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If your company is looking to do business in China, it's not alone. China has quickly become one of the world's largest consumer markets and manufacturing nations, making business in China ever more common -- despite the Chinese market's recent turmoil.
When a company starts looking towards China, its legal department needs to prepare. Doing business with China is unique in many respects and poses particular issues and challenges for American in-house counsel. Here are five considerations to keep at the forefront when preparing to do business in China:
When doing business with a company in China, particularly in manufacturing, it's important to protect your company's intellectual property. This means executing IP protection agreements and registering your IP in China. Consider expanding your typical nondisclosure to include non use, non compete and non circumvention terms -- a so-called NNN Agreement.
Structured reporting systems are rare in China, meaning that information on who does what, at what volume and for what price can be difficult to understand. Working in China means doing a lot of intense market research beforehand and potentially setting up your own reporting systems to monitor and analyze your business operations, costs, and compliance once your work has begun.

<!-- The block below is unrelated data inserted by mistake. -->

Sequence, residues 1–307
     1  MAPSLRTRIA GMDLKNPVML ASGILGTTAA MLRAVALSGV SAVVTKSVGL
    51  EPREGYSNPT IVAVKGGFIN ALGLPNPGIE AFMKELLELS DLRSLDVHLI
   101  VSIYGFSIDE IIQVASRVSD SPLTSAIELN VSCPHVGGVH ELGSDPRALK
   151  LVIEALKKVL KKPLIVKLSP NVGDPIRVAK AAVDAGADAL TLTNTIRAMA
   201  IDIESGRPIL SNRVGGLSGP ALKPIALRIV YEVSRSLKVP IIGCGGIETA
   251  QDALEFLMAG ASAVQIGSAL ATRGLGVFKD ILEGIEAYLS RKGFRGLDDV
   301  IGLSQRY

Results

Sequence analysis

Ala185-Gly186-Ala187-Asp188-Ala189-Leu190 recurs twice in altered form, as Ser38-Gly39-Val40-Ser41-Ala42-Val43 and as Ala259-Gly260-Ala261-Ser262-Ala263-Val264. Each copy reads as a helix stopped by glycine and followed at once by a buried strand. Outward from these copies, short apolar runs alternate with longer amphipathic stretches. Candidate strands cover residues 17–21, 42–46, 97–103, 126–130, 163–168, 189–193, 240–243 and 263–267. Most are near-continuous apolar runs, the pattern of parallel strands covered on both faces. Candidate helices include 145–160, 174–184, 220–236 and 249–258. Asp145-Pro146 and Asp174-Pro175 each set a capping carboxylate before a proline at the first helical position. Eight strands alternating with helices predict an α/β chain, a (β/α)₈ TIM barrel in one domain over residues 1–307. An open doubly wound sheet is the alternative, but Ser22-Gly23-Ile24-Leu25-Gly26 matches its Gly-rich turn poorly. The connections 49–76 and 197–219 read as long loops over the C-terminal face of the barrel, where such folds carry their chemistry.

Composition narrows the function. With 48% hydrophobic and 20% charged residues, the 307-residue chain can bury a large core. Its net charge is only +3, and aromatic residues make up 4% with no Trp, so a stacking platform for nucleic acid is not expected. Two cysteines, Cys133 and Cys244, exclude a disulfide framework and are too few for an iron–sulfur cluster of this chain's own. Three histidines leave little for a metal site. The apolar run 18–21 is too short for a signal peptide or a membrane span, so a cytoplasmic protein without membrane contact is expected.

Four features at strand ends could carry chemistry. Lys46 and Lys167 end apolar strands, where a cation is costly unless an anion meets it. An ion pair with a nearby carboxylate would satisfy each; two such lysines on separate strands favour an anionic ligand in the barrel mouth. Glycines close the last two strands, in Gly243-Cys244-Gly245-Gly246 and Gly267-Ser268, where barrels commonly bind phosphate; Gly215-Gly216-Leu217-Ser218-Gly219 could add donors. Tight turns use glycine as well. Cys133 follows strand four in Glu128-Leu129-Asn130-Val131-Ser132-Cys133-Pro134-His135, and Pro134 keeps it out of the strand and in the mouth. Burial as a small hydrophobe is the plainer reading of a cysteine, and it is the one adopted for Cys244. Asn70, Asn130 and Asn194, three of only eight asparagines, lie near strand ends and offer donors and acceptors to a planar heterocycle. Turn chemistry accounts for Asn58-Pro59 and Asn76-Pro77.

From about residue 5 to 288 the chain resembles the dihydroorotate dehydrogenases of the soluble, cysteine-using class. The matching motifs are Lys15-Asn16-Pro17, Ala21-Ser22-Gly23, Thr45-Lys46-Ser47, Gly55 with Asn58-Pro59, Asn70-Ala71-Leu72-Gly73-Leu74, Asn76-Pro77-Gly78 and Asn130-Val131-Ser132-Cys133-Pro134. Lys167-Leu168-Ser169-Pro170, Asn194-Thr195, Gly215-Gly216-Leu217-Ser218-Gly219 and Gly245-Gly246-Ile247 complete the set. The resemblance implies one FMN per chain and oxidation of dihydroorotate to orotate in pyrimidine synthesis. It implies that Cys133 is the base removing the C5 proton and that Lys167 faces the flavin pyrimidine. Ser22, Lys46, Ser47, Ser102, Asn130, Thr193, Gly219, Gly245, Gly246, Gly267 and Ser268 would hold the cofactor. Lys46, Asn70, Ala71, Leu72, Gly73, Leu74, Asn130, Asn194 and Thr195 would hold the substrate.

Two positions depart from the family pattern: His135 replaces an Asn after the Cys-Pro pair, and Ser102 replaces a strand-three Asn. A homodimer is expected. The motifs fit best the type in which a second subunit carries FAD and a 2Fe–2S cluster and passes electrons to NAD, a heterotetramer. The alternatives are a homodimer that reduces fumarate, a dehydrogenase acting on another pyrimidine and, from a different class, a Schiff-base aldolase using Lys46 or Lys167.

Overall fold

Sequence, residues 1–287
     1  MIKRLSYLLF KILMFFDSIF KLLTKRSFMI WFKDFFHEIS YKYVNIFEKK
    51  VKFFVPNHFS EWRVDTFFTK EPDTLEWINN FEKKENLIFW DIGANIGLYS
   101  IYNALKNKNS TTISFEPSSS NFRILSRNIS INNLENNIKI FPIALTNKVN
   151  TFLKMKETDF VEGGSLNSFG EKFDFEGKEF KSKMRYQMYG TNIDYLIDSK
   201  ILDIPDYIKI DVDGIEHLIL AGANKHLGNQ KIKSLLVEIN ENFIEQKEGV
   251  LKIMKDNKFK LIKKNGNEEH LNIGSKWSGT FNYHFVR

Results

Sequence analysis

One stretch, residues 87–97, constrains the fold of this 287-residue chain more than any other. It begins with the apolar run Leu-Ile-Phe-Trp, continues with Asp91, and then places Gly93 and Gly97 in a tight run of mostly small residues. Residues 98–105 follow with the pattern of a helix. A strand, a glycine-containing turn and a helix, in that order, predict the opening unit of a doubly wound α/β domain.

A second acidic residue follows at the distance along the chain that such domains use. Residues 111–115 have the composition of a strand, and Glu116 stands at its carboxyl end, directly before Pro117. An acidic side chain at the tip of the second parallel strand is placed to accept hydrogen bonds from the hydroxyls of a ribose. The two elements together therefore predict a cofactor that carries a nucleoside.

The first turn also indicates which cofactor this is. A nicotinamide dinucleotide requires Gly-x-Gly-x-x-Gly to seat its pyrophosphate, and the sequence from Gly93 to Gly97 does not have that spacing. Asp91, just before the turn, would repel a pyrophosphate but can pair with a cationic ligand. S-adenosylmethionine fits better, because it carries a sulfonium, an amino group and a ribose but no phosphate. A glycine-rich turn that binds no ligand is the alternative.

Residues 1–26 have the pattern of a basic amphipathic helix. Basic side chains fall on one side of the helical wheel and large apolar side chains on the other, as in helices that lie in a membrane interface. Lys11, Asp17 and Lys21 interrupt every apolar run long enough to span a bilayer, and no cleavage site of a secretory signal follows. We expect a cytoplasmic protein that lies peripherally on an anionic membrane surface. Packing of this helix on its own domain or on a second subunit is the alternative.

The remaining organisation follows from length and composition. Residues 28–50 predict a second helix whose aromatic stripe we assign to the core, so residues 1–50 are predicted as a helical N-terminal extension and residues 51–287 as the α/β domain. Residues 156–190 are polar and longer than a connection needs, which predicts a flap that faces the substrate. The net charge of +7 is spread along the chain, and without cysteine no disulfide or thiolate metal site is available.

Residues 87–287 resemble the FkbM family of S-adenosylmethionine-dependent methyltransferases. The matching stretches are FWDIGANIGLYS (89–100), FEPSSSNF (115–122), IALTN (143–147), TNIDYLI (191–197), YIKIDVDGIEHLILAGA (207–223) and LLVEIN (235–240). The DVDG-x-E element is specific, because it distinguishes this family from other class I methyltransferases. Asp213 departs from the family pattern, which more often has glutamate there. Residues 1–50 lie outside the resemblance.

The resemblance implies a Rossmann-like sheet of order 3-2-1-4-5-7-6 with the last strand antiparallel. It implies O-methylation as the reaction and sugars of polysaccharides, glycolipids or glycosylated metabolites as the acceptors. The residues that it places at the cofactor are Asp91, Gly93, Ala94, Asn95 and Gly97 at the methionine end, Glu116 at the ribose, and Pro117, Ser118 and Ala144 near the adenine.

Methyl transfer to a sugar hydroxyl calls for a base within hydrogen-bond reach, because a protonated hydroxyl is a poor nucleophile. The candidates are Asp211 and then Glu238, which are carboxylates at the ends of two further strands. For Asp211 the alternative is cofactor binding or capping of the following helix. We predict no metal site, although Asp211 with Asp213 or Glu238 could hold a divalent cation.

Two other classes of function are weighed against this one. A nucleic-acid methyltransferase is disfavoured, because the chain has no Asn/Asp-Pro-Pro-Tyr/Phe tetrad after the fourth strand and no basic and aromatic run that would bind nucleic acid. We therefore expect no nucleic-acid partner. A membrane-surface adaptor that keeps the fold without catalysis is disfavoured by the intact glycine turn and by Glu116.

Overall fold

Don't expect that your typical negotiation strategy will work in China. In-house counsel should be prepared to respond to a different set of negotiating tactics, such as claims that government regulators require changes right before a signing deadline, or attempts to renegotiate material issues after signing. Thankfully, there are plenty of resources available to help you prepare.
It's been a long time since our legal tradition has required a wax seal to make a contract valid. We've generally limited legal formalities to requiring certain written memorials. Not so in China, though, so get ready for several formal requirements -- and yes, that includes the use of an official seal.
As in-house counsel, you'll want to make sure that any venture in China -- or any foreign country for that matter -- complies with the laws of both the United States and your host country. For example, if you're doing business in China for more than a few weeks, you may need to form a legal entity there. You will also want to make sure that none of the company's agents are greasing palms in violation of both U.S. and Chinese anti-bribery laws. Compliance review should focus on import-export, environmental, antitrust, employment, and tax laws, at the very least.
Meeting with a lawyer can help you understand your options and how to best protect your rights. Visit our attorney directory to find a lawyer near you who can help.